Oakland A's Prospect Q&A: Sean Doolitte

During spring training, the talk of the Oakland A's big league camp – from a position-player perspective – was prospect Sean Doolittle, who impressed both with his bat and his glove during his first taste of major league spring training. Doolittle got off to a solid start with Sacramento, only to be felled in early May by a knee injury. We spoke with Doolittle about his rehab and recovery …

Sean Doolittle is getting close to returning to the field, and that has to be good news for the Oakland A's front office, who will be tasked with setting the A's roster for the 2010 season during the winter months. That is because despite being barely two years removed from being selected in the supplemental first round of the 2007 draft, Doolittle is already knocking on the door of the big leagues and is pushing to be a big part of the A's future. How he fares in the final few months of the 2009 season could determine where Doolittle lands in the A's off-season plans for 2010.

Before that happens, Doolittle has to get healthy, however. The first-baseman/outfielder is 10 weeks into his recovery from tearing his left patella tendon in a game on May 8th. At the time of the injury, Doolittle was working on three consecutive games with two hits a piece and had posted an 811 OPS in his first 28 games at the Triple-A level.

Doolittle is with Sacramento, working out with the team, taking full batting practice and completing his grueling rehab, which included a new treatment for patella tendon tears – but no surgery. We spoke to Doolittle in Sacramento on Saturday just after he completed a strong session in batting practice about the injury, his timetable for return, his confidence at the time of the injury and more…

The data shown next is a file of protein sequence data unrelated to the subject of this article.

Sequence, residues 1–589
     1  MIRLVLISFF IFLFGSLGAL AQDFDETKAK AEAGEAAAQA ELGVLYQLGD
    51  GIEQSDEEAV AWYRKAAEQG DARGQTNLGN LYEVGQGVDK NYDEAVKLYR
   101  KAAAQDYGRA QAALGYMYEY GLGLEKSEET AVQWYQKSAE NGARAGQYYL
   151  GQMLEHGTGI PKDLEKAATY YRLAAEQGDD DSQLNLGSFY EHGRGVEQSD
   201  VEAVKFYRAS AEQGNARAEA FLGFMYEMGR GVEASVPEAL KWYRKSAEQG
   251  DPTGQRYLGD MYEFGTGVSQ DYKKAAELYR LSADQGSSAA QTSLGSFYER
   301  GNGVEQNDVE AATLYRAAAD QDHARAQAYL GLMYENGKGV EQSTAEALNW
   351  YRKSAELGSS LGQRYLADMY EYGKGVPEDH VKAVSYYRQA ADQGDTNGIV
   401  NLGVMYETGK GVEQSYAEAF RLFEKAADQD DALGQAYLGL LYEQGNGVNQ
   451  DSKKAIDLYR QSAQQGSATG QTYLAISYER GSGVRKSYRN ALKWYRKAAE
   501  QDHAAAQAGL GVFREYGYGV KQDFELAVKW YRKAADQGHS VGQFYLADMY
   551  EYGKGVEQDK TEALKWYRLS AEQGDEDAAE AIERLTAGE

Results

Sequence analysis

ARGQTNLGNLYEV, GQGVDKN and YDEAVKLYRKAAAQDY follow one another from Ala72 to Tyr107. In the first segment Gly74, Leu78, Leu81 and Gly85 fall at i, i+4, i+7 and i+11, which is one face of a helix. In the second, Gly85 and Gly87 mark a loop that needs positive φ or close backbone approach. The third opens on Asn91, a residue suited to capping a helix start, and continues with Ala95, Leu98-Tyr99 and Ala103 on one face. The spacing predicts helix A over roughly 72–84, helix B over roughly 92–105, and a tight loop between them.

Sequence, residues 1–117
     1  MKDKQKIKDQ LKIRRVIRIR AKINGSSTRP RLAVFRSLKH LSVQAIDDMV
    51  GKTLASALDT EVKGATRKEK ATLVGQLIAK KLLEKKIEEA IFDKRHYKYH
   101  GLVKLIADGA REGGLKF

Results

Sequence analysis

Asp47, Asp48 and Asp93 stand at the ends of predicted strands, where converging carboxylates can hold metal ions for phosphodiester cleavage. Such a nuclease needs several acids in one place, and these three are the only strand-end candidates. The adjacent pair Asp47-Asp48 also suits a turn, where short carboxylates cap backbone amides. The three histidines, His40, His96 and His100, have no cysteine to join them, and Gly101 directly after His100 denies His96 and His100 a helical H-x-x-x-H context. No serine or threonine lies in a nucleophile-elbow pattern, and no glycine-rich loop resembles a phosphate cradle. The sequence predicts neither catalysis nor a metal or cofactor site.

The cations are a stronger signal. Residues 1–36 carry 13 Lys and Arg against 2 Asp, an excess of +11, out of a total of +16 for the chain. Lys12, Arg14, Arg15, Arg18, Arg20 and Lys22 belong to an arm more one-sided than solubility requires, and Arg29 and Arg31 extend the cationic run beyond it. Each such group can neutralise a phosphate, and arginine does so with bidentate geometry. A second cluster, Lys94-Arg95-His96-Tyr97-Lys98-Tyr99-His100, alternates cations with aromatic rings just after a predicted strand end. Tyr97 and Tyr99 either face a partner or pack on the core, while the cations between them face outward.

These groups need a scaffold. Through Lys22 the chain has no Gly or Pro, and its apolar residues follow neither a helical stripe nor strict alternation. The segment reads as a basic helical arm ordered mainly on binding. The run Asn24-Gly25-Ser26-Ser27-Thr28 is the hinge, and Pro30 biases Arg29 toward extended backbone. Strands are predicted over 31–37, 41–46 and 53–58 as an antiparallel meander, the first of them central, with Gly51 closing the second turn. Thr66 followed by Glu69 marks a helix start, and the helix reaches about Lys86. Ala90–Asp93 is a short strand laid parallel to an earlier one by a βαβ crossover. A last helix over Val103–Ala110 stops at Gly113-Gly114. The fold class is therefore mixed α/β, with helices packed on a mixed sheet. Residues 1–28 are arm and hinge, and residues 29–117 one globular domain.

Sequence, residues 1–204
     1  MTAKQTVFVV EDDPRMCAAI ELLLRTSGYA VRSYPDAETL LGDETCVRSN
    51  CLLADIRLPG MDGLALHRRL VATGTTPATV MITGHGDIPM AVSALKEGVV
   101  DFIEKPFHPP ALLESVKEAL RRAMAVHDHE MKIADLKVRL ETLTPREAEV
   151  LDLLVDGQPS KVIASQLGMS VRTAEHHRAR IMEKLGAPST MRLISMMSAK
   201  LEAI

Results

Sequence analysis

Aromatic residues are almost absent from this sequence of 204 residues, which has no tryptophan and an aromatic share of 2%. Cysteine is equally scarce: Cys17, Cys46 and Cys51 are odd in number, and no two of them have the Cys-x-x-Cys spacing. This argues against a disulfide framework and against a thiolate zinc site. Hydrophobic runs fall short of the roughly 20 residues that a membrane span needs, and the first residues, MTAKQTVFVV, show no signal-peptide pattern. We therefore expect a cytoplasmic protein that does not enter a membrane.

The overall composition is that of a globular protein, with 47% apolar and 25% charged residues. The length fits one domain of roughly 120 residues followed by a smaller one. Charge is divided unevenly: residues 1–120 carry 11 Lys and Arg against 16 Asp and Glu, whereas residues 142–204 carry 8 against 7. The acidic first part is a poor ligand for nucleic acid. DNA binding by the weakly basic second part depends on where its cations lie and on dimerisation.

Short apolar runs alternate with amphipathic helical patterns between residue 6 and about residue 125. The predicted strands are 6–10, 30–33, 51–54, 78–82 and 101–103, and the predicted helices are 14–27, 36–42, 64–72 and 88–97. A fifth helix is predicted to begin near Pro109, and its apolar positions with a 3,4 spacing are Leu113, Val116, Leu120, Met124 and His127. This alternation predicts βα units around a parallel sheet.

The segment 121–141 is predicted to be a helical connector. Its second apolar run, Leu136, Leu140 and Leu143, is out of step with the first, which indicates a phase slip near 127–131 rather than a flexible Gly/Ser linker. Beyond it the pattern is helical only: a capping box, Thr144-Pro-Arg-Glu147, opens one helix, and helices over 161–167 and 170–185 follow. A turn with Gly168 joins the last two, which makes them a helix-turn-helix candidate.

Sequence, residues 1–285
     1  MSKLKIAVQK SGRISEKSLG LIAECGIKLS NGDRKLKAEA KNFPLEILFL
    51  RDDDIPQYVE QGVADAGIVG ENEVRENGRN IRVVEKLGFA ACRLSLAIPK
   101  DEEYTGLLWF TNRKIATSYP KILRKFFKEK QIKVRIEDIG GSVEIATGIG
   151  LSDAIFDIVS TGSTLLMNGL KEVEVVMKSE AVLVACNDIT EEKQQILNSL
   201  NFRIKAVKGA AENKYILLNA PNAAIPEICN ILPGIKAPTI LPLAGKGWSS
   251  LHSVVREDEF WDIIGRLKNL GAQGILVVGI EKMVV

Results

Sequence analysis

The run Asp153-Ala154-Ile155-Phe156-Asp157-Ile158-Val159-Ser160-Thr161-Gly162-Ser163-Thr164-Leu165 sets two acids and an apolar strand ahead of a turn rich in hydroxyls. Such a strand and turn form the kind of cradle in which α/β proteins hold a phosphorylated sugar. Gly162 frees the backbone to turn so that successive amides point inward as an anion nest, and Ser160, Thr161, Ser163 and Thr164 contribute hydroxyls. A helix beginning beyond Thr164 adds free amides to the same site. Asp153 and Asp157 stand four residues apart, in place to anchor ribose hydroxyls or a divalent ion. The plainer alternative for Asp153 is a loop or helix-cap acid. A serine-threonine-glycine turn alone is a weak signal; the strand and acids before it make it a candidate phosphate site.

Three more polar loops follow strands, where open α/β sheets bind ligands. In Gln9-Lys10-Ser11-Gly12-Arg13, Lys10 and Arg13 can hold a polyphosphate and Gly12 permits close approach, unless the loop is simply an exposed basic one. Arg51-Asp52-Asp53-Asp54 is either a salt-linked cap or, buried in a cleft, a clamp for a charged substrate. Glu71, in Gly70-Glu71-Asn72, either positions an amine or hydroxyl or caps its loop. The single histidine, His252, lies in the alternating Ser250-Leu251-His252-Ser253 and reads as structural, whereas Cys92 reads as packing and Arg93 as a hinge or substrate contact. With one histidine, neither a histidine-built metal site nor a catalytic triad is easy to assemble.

OaklandClubhouse: How is the rehab going?

Sean Doolittle: It's going okay. In the beginning, I was progressing pretty quick, but now the progression has kind of slowed down a little bit, but now I have only a little more to go.

OC: Did you actually tear your patella tendon?

SD: Yeah.

OC: Did you have surgery on it?

SD: No. I had this therapy done called plasma enriched protein therapy. It's pretty new so they weren't sure exactly what my timetable was going to be. They take your own blood, draw the plasma out of it and then inject it back into your tendon. It's pretty interesting. We've dodged the bullet on surgery, so that is good.

OC: How did you hurt it? Were you running around the bases?

SD: I did it while in the outfield. I was coming in from right-field to make a throw to home. I fielded the groundball and took my crowhop and put all of my weight back on my back leg and it kind of buckled. It ended up getting really tight. I actually played the rest of the inning because I wasn't really sure what was wrong with it. My knees had been sore to begin with, and I think that was kind of the last straw.

OC: So you are in the last few weeks of the rehab?

SD: We are in the last stretch. I have been running the bases before workouts on my own with the therapist and I did some sliding stuff a couple of times. I have been taking full batting practice. I can run full speed, but they are just not sure how it is going to respond when a) I am going game-speed, because that is tough to simulate, and b) when I am going several days in a row because throughout this whole process, I have been going two or three days on with a lighter day. Now we are kind of cranking it up, so they just want to make sure that it responds alright.

OC: Before you got hurt, you were off to a good start in Sacramento and you were coming off of a good spring with the big league club. Before the injury, were you feeling comfortable with where your game was at?

SD: Yeah. Spring training gave me a lot of confidence. Like you said, I felt like I was off to a pretty decent start. I think I was actually swinging the bat better than my numbers showed. I was feeling really comfortable at the plate. In a way, it was really frustrating for me when they told me how long I was going to be out.

OC: Defensively, playing out in right field is relatively new to you. Are you feeling comfortable out there, as well?

SD: Yeah, I have gotten a lot more comfortable out there. By the time I got hurt, I felt fine out there. I actually started to like it. It was fun running around. I like to make the throws from out there.

OC: You get to use your pitching arm.

SD: Yeah, it's fun to finally let the throws go. I like it out there.

OC: Your brother [Ryan Doolittle, a pitcher in the A's organization] has been out all year. Is he hurt as well?

SD: Yeah, he's hurt too. He strained his UCL. He doesn't need surgery either. He just needs a lot of rehab. Last I heard, they were eyeing Instructional League for him to come back.

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